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The Courts United States

NSA Trial Evidence 'Riddled With Boxes and Arrows' 108

Posted by timothy
from the we-didn't-mean-to-imply-anything dept.
decora writes "In the Espionage Act trial of NSA IT Whistleblower Thomas Drake, the main evidence against him are five documents he allegedly 'willfully retained' in his basement. The government, for the first time, is using the Silent Witness Rule to 'substitute' words in this evidence so that the public will not be able to see the allegedly sensitive information. The result of this 'substitution' process has been described by the defense as a tangled mess of boxes, arrows, and code words [PDF] that will impossibly confuse the facts of the case. 'Two weeks before trial, Mr. Drake and his counsel still do not know what evidence the jury will see.'"
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NSA Trial Evidence 'Riddled With Boxes and Arrows'

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  • by decora (1710862) on Sunday June 05, 2011 @10:29AM (#36342448) Journal

    I generally avoid linking to wikipedia articles that I wrote from slashdot articles that I wrote, to avoid perceived conflict of interest, and prevent 'one source' circular errors and hidden bias. In this /. story, I did not originally link to the wikipedia Silent Witness Rule article. The link to wikipedia was made by the slashdot editors and not by me, and they had no reason to suspect that the article author and wikipedia author were the same person.

  • Re:Rights? (Score:4, Informative)

    by Samantha Wright (1324923) on Sunday June 05, 2011 @01:36PM (#36343610) Homepage Journal

    Whoa! Who's showing anger here, really? I read his post as indicating disgust more than anger.

    His decision to move the focus from this specific incident, and its relevance to the origin of the problems of the Bush era, to a more generalized complaint about the administration of the United States throughout its entire history struck me as hasty and rant-like. That usually implies an underlying sense of frustration (and therefore anger). However, assessing whether the tone of a passage of written text is disgusted or angry is very a subjective process, and I don't think it makes sense to try and interpret it. It can, after all, be both.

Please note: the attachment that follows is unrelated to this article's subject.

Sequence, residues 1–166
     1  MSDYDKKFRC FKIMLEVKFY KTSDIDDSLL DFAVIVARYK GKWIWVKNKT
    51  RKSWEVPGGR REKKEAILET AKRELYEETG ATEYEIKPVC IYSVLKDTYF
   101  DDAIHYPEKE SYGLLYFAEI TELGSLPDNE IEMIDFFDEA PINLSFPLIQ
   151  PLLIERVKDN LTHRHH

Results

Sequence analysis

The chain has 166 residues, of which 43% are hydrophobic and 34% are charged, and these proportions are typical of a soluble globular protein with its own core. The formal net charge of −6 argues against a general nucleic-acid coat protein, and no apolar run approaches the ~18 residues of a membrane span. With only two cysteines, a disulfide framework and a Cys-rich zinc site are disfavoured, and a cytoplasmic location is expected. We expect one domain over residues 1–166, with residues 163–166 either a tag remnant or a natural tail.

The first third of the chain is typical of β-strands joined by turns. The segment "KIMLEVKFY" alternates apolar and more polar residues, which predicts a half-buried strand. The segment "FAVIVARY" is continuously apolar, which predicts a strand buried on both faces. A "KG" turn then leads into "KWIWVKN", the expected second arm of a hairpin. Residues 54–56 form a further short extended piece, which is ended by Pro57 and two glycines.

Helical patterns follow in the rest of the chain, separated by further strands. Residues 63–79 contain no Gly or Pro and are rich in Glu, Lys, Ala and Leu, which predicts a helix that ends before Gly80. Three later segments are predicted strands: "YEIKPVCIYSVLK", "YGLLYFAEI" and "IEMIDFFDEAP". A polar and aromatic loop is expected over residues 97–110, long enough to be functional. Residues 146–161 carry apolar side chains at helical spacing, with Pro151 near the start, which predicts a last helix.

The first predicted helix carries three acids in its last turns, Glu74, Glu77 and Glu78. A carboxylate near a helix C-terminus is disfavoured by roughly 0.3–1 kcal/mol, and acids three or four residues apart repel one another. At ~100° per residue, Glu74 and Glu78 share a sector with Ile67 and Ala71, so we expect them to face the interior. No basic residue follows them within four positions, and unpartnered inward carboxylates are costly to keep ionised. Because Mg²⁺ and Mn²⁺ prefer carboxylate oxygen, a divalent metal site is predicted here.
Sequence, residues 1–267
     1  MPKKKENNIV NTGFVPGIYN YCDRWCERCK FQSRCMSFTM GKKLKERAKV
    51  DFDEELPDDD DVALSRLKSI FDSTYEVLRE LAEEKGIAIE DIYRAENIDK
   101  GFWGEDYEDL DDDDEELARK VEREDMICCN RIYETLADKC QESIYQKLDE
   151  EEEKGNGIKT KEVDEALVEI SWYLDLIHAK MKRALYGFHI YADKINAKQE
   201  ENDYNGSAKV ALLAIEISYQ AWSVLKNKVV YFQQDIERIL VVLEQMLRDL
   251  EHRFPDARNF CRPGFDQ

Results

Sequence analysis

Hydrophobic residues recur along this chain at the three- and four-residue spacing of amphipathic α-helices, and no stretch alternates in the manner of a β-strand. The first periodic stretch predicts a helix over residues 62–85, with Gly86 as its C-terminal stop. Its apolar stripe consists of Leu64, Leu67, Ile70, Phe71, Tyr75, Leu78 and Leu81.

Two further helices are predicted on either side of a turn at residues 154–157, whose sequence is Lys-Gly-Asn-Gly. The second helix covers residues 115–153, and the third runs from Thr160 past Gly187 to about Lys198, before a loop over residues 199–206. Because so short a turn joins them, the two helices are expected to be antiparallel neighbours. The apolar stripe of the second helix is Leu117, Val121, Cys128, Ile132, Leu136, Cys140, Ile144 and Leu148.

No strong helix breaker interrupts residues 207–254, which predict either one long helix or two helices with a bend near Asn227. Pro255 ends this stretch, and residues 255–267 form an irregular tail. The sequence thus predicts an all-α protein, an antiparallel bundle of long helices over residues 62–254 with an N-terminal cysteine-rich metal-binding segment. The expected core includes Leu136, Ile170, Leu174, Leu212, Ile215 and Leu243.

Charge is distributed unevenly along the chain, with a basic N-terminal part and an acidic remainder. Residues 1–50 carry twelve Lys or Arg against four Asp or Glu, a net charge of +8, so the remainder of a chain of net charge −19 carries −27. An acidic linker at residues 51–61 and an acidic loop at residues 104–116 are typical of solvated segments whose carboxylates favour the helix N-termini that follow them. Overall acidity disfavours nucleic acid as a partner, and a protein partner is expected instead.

FWIW I see no italicization of "why" in your post.

    The italicised "why" is the sixteenth word in the second sentence of the second paragraph, immediately before the portion that countertrolling quoted. It's not very difficult to find, given that it's the only usage of the word "why" in that post.

    In any case, discussing a history of malfeasance is always more enlightening than discussing a single incident in isolation. I view his post as relevant to the discussion.

    In general it's a pertinent and relevant subject to discuss, but in the context of my assumption that his post was an angry rant, it seemed more like he was going off-topic. The decision to pivot around topics so rapidly and the lack of connective prose tying his statements back into the previous conversation did not present a natural part of the conversation as much as an attempt to ramble about a pet peeve.

    The part that really got me was that he said nothing worth saying: no new combination of facts or feelings was presented; it's just the same bitching that arises every time there's a news article on Slashdot that mentions oppressive misconduct by the government. His post could be cut-and-paste in a solid 20% of all Slashdot articles and be just as relevant. That doesn't mean it should be repeated over and over again.

    No respondent can read your mind and know the exact intentions of your post. If you wish to limit the discussion please explicitly state the scope of your argument.

    While telepathy is indeed not generally an ability found amongst Slashdot posters, I believe I have presented a coherent and consistent position that can be understood without too much trouble. Please read the above carefully and let me know if you have any further concerns.

  • Re:Rights? (Score:4, Informative)

    by Jah-Wren Ryel (80510) on Sunday June 05, 2011 @02:01PM (#36343760)

    To be fair, the NSA was culpable for allowing 9/11 to happen. They had information that indicated that the perps were doing something. They also refused to share that info with the FBI and the CIA... It wasn't the first time either.

    That culpability is premised on 100% effectiveness. That's an impossible standard for anyone, especially a bureaucracy. I blame the "culture of blame" as the root cause for the over-reaction. Societally we need to have realistic expectations. That isn't to say that government agency's shouldn't be accountable, but that the standards we set for that accountability have be to realistic, not impossible. Being 100% risk averse is to guarantee failure.

We want to create puppets that pull their own strings. - Ann Marion

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